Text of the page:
Australian mortgage borrowers who are loyal to their chosen lenders are being punished with higher interest costs, according to a study by the Reserve Bank of Australia (RBA).
The study found that loans written four years ago charge an average of 40 basis points higher interest than new loans. This means that borrowers with a loan balance of around $250,000 pay an additional $1,000 worth of extra interest repayments every year. The extra repayments increase with the age of the mortgage, according to the study.
The RBA said the difference between the rates of old and new loans could be explained by the shift in the mix of different types of variable-rate mortgages over time.
"In particular, the share of interest-only and investor loans in new lending has declined noticeably in recent years and these tend to have higher interest rates than other loans. Nevertheless, even within given types of mortgages, older mortgages still tend to have higher interest rates than new mortgages," the RBA said.
While the difference in interest rates could reflect the borrowers' creditworthiness or riskiness, it is also influenced by the time when the mortgage was originated.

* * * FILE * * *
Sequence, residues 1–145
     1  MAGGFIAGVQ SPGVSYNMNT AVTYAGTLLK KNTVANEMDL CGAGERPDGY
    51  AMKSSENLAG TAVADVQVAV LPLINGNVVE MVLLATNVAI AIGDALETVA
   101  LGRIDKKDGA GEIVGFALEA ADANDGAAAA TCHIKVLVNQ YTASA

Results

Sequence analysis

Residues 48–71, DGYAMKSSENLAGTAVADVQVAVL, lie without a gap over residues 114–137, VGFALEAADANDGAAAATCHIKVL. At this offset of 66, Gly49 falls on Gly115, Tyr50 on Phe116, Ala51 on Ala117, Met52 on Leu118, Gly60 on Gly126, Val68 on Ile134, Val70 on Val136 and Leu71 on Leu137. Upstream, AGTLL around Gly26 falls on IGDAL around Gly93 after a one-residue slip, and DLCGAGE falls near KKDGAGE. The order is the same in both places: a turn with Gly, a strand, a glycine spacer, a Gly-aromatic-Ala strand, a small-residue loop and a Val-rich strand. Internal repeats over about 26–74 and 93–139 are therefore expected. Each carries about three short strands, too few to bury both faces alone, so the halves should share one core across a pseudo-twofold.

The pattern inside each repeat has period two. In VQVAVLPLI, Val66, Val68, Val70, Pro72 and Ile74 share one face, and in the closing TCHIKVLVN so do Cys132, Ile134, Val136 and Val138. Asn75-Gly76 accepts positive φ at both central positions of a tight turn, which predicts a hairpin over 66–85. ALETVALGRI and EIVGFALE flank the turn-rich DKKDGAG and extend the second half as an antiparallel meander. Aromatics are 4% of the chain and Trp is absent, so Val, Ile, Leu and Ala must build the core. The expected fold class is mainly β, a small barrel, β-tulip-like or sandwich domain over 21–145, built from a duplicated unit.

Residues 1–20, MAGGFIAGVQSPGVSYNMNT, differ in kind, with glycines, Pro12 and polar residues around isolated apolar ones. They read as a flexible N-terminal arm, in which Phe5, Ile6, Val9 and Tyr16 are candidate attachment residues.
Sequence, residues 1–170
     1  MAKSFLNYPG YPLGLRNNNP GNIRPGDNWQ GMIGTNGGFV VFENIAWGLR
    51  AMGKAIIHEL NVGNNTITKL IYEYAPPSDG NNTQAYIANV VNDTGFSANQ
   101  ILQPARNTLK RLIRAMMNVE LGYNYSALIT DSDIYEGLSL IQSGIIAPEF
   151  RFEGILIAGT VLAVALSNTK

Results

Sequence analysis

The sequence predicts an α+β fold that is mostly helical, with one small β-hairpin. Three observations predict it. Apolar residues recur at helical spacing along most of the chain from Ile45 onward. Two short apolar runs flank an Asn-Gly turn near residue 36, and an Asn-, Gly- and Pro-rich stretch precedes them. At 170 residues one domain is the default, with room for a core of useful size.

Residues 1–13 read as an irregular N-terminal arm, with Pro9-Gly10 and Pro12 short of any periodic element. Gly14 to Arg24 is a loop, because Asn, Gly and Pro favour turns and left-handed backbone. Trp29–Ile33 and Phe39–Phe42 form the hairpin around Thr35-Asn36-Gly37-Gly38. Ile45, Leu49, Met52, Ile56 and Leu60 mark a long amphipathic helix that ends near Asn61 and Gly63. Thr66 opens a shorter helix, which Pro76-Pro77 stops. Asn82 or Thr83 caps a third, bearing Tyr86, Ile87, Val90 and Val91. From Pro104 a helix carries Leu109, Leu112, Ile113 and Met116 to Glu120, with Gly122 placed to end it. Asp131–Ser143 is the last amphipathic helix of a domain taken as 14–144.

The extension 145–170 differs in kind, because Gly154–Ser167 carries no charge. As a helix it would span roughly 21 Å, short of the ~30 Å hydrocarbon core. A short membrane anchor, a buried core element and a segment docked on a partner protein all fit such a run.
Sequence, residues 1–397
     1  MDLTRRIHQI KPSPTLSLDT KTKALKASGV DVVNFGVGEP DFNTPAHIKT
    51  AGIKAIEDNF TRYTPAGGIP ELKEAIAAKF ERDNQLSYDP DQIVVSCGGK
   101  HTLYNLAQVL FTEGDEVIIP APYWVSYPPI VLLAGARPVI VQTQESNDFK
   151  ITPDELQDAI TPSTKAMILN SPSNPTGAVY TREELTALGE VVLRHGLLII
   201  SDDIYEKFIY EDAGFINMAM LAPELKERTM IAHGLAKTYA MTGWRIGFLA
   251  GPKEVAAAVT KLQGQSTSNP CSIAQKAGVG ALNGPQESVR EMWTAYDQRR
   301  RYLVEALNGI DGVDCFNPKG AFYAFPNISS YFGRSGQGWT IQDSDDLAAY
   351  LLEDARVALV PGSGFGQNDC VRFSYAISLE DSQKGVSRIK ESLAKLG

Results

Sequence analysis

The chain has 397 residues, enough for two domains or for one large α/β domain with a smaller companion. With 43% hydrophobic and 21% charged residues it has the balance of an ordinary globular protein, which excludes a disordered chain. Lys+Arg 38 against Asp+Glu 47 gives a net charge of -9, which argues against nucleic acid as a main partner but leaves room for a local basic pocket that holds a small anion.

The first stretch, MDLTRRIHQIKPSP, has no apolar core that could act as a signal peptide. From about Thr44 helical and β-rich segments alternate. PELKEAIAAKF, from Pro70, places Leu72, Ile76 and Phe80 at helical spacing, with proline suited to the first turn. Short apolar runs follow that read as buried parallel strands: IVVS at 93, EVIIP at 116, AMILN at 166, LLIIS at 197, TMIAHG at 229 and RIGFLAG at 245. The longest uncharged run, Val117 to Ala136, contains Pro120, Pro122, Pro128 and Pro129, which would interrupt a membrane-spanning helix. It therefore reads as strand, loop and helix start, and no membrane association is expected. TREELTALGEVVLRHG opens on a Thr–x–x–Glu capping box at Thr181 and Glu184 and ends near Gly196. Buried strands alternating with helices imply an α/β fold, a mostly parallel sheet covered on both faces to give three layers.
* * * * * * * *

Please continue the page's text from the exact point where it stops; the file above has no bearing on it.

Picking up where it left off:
"This reflects the tendency for competitive pressures to be strongest for new and other borrowers who are in the process of shopping around for a loan," the RBA said.
As this competition intensifies, lenders started offering discounts to new borrowers. The RBA said very few borrowers actually pay interest rates as high as the standard variable rates (SVRs). These borrowers have the opportunity to negotiate further discounts on the interest applied to their loans.
For instance, the mortgage interest rates branded by major banks as "package" attract a discount of around 50–100 basis points to SVRs. However, the average discounts offered by these banks have already inflated to as much as 150 basis points in recent years.
"By increasing the discounts on rates for new or refinancing borrowers over time, rather than lowering SVRs, banks are able to compete for new borrowers without lowering the interest rates charged to existing borrowers," the central bank said.
This makes it crucial for existing borrowers to try and renegotiate their current interest rates with their lenders. While the discounts are usually fixed over the life of the loan, borrowers can still renegotiate without the need for refinancing.
"Interest rates charged on outstanding variable-rate loans have declined by more than SVRs in recent times in part because well-informed borrowers have been able to negotiate a larger discount with their existing lender, without the need to refinance their loan," the RBA said.
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